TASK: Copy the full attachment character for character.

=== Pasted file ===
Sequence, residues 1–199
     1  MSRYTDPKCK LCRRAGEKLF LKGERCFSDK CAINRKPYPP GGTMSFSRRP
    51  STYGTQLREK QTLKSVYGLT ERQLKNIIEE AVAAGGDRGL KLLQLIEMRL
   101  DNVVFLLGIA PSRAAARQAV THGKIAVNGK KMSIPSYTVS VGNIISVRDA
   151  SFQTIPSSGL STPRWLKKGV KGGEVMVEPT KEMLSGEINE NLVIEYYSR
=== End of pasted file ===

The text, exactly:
Sequence, residues 1–199
     1  MSRYTDPKCK LCRRAGEKLF LKGERCFSDK CAINRKPYPP GGTMSFSRRP
    51  STYGTQLREK QTLKSVYGLT ERQLKNIIEE AVAAGGDRGL KLLQLIEMRL
   101  DNVVFLLGIA PSRAAARQAV THGKIAVNGK KMSIPSYTVS VGNIISVRDA
   151  SFQTIPSSGL STPRWLKKGV KGGEVMVEPT KEMLSGEINE NLVIEYYSR